Forty million? Hmm. So, what’s YOUR definition of “obscure”?
Despite clear evidence of the size of the problem, the EFF then goes on to attack enforcement efforts to curb all this piracy. They hang their hat on the ever-popular “slippery slope” argument, asserting that enforcement against streaming piracy using existing legal tools threatens a full-scale shutdown of the internet – or as their website histrionically calls it, “The War on General-Purpose Computing.” What??
And, of course, they rabidly jump to the defense of pirates. They argue that a U.K. resident charged with selling devices “designed … for the purpose of enabling … the circumvention of effective technological measures,” merely “sold fully loaded Kodi boxes but was not involved in any copying or distribution of the illegal material himself.” And hey, if the people he sold it to used it exactly the way he built it to work and encouraged them to do, why’s that his fault?
Oh, by the way, that guy in the U.K. pleaded guilty. Guess it was his fault.
Then, the EFF predictably leaps to the defense of TVAddOns – or, as they like to call, it, “the TVAddOns community.” You know them – they’re the cousins of “the Pirate Bay community.”
The EFF argues that the majority of add-ons hosted by TVAddOns are not illegal and don’t infringe on anyone’s copyright. We don’t know if that assertion is correct, but we’ve all heard this kind of argument before. If the guy selling Swatch watches has nine real ones and one fake one in his case, and almost everyone who comes in buys the fake one from him, is he innocent because he has nine real ones? Nope. He’s not.
And, of course, if the 40 million visitors who are part of the TVAddOns “community” don’t really want to pirate anything, they probably wouldn’t have any use for this handy guide – offering tips on how to avoid being caught viewing pirated content.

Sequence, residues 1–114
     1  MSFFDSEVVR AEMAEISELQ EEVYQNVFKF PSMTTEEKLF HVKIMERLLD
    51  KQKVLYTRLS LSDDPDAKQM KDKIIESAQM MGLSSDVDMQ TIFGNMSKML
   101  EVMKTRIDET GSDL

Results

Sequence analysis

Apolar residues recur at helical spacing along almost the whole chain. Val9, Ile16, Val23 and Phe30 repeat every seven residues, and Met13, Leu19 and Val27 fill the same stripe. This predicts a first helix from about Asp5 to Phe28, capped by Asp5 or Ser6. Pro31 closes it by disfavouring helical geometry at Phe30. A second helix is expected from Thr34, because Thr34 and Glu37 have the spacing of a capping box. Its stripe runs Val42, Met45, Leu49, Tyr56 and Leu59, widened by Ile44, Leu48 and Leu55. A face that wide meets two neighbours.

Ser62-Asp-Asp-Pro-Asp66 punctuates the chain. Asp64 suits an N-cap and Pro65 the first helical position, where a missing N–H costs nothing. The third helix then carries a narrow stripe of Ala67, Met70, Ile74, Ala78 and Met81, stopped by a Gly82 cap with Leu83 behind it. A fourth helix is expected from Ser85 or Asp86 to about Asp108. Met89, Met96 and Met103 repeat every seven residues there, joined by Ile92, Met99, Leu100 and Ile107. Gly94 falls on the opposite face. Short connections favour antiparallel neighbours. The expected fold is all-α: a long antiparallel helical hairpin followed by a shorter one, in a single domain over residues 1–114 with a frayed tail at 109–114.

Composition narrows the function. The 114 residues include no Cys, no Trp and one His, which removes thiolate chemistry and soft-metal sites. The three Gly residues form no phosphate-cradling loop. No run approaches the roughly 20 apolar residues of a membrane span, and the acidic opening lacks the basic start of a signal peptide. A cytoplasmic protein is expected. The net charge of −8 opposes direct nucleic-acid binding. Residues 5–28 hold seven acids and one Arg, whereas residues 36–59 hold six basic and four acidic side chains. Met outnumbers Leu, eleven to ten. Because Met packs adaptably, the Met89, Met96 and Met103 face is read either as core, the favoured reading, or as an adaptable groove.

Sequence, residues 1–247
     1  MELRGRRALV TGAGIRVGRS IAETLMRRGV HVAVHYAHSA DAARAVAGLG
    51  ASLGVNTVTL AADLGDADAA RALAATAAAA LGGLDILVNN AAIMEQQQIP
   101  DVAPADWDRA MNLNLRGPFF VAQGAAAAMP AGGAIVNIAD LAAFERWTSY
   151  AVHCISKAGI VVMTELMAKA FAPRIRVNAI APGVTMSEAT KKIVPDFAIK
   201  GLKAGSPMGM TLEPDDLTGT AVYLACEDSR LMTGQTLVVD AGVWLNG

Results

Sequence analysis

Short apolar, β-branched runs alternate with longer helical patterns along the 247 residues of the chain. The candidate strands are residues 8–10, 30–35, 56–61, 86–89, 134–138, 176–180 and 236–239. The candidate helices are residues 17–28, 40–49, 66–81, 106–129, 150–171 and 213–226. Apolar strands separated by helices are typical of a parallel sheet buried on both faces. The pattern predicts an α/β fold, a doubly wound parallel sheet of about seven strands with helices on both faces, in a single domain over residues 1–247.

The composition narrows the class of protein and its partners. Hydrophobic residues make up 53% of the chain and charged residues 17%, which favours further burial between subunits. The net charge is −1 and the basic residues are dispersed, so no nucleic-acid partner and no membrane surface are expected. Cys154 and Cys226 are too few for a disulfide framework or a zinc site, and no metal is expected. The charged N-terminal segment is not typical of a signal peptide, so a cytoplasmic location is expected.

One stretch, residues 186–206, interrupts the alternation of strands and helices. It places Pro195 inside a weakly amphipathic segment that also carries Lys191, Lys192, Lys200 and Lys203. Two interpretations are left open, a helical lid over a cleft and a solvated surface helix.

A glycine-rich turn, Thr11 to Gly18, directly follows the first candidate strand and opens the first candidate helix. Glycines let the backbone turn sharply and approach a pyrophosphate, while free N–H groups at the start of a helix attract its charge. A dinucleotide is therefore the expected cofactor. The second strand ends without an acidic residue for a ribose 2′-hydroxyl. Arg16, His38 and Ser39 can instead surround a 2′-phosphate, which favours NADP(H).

I’m pretty sure the gang at the EFF reads TorrentFreak. But maybe they missed this April 17, 2017 post:
While Kodi itself is a neutral platform, millions of people use third-party add-ons to turn it into the ultimate pirate machine.
TVAddOns is [one] of the largest repositories of these plugins.
So as we said, the EFF does some good work. They are effective advocates on important issues for internet users. But they are blind – willfully blind – to piracy.
Why? We’re going to guess that it has something to do with their funders, which include Google?
As we all know, Google has a piracy problem. Their search results deliver you to pirate websites. Their Google Drive platform hosts tons of pirated content. YouTube, which they own, does the same. And while they talk a good game about their efforts to combat piracy, they have a loooooooooooooooooooong way to go.
The truth is that Google, and the EFF for that matter, could care less about Kodi, TVAddOns, or the “communities” they’re purporting to defend – they care solely about protecting their business models. So why is the EFF blindly supporting criminals?
We can only guess that it’s because Google told them to do so.